These three report packs form the core of Harlyn’s reporting process to Charles Stanley and are not on general release. The packs in question are:

  • the Asset Allocation Report which gives details of the current portfolio weights and recent performance of the four multi-asset portfolios (Growth, Balanced, Income and Conservative) and the Pure Equity portfolio;
  • the Diagnostics Report which shows the probability curve and the average PRATER for a wide selection of asset classes, including equity regions in local currency against their own benchmark government bond, equity regions in sterling against global equities, bond categories against global bonds, UK alternative assets against UK gilts;
  • the UK sector model including Small Caps.

All data in these reports is derived from Harlyn’s own models, which take their data from Bloomberg as at the close of business every Friday. All models are re-balanced every week. For reporting purposes, the month end is taken as the Friday closest to the last day of the calendar month which means that we may not close our books until after the actual month end. Unless otherwise stated, all data referring to performance, volatility and drawdowns are calculated monthly. All performance data for longer than one year is presented on an annualized basis.

All of Charles Stanley’s portfolios use constraints on the minimum and maximum holdings applicable to individual equity regions and bond categories. This means that the performance and risk characteristics of each portfolio will vary significantly from those of an unconstrained model. These constraints are set and reviewed by Charles Stanley and will change from time to time. For each portfolio we show the minimum and maximum compared with the current weight for the relevant asset class.

The Diagnostics Pack and the UK sector report present data relating to the PRATER of individual asset classes. We show two charts for each asset class and/or sector. The one on the left-hand side shows how the PRATER has changed on a weekly basis over the last two years. This calculation is based on the average of 20 sample periods, each ending as at the previous Friday, but whose start date varies from minus 52 to minus 14 weeks. We do this to reduce the impacts of base effects, the sensitivity of the output to different dividend payment dates.

The chart on the right-hand side is the “probability curve” which we regard as one of the most important innovations to come out of our process. Underlying each curve are the 20 data points that go to make up the average for the last data point on the left-hand chart (and the same data 4 weeks ago). If the curve is convex and slopes from bottom left to top right it suggests that our probability of superior risk-adjusted returns has improved in recent weeks. If the chart is concave and sloped from top left to bottom right. It suggests that the probability of a superior-risk-adjusted return has deteriorated.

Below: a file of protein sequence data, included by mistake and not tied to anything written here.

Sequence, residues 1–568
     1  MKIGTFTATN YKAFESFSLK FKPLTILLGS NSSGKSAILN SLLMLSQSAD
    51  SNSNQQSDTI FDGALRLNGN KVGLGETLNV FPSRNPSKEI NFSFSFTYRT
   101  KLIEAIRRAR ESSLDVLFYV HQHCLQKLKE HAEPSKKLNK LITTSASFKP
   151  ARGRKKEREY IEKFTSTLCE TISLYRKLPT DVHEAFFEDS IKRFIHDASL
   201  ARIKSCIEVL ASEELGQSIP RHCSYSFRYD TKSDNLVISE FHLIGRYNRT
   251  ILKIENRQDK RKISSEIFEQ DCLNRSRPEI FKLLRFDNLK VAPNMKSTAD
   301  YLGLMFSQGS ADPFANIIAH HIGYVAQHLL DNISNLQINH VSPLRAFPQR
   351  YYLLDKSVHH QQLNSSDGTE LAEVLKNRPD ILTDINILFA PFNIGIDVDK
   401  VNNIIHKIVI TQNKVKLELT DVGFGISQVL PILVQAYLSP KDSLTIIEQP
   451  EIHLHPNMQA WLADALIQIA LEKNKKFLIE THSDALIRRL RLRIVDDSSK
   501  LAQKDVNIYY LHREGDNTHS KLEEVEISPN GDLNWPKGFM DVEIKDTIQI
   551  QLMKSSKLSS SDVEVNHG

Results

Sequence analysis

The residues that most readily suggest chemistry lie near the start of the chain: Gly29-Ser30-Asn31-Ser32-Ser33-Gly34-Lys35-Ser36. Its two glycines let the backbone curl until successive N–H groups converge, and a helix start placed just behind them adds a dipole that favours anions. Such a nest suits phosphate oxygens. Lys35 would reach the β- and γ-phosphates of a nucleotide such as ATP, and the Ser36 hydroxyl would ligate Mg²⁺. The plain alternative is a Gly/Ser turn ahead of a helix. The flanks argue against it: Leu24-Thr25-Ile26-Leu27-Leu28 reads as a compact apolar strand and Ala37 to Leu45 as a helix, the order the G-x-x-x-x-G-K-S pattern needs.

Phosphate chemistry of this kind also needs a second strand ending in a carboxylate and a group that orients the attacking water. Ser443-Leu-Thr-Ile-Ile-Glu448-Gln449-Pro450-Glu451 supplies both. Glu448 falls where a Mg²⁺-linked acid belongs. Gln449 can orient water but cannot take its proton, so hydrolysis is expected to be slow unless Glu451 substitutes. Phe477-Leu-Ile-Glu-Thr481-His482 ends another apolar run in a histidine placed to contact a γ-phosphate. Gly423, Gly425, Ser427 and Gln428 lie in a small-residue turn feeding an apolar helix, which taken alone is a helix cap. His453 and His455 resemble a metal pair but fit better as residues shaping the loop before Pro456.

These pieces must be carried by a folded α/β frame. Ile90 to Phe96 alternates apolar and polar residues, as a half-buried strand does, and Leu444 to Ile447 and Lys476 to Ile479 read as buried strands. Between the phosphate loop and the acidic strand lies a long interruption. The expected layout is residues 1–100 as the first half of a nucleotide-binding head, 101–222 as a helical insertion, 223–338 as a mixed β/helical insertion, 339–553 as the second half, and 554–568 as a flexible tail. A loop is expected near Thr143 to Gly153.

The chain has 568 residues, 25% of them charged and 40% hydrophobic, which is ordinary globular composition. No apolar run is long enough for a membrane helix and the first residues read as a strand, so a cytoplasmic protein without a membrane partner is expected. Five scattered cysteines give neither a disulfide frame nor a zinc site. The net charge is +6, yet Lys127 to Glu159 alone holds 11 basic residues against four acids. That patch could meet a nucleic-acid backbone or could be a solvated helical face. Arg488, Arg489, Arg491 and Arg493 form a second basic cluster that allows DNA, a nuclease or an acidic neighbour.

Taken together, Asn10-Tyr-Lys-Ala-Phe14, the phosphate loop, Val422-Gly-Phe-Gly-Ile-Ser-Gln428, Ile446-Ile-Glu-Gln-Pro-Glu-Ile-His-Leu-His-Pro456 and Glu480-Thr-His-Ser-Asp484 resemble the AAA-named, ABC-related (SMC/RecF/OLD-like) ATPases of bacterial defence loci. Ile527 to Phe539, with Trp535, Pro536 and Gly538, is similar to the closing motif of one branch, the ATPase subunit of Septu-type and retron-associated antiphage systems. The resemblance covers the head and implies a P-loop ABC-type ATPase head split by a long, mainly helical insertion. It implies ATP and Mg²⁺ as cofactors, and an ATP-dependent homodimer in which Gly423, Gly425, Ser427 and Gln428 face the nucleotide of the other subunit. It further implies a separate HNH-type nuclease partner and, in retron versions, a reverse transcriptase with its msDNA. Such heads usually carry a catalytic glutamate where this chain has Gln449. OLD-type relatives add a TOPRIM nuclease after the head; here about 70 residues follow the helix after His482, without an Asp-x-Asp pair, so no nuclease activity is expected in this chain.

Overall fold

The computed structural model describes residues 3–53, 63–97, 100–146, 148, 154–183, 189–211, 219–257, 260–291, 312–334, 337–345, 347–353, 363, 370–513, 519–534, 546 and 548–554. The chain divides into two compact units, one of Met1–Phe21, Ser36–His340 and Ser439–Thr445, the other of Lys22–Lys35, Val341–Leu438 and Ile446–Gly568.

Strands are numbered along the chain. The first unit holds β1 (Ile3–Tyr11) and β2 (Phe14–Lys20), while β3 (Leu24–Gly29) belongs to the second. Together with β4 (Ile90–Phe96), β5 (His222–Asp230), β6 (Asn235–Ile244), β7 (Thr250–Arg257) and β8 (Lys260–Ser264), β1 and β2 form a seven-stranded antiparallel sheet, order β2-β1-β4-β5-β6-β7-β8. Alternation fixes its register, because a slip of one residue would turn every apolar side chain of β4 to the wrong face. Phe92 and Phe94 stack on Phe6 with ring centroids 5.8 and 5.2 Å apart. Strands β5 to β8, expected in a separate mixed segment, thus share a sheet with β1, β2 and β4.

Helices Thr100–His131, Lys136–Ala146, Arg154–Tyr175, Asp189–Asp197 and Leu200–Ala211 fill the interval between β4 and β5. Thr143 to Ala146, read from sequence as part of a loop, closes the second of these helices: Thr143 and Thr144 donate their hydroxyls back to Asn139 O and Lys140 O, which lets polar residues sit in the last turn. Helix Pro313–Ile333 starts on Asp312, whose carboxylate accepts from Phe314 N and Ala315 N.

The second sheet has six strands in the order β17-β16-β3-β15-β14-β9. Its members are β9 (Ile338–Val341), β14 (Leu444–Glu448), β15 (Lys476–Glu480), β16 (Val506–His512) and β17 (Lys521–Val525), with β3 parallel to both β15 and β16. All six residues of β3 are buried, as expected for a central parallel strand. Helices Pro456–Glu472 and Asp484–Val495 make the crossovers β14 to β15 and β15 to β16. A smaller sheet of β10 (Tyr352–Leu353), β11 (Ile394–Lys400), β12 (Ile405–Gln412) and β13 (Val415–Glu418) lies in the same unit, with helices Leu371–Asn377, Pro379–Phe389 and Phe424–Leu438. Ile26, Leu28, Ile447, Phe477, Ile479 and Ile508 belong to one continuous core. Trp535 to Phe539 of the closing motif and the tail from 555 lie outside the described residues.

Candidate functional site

In order to make our sector report more compatible with the traditional approach to sector strategy, we express all recommendations as over/underweights relative to benchmark. This turns a 50% PRATER turns into a neutral weight (0% over/underweight). This has the benefit of making the recommendations adaptable to any benchmark. For asset classes in the Diagnostics Report we report the raw probability ranging from 0% to 100%. The impact of the portfolio constraints means that there is no transparent link between the PRATER and the asset weight.

Useful tips:

You can use the arrows in the top band to scroll through the report pack, or in most browsers (not iPad, though), the scroll bar on the right of the window.

Click on the arrow icon if you want open the report in a printable or downloadable format.

If you want to look at more than one report at a time, click on the arrow on top right corner of the pdf screen. This will open a new window in google document reader. The google docs reader also has thumbnail slides on the left had side of the screen, which helps with navigation. You can open as many google documents as you need – very useful for comparing sector reports from different regions.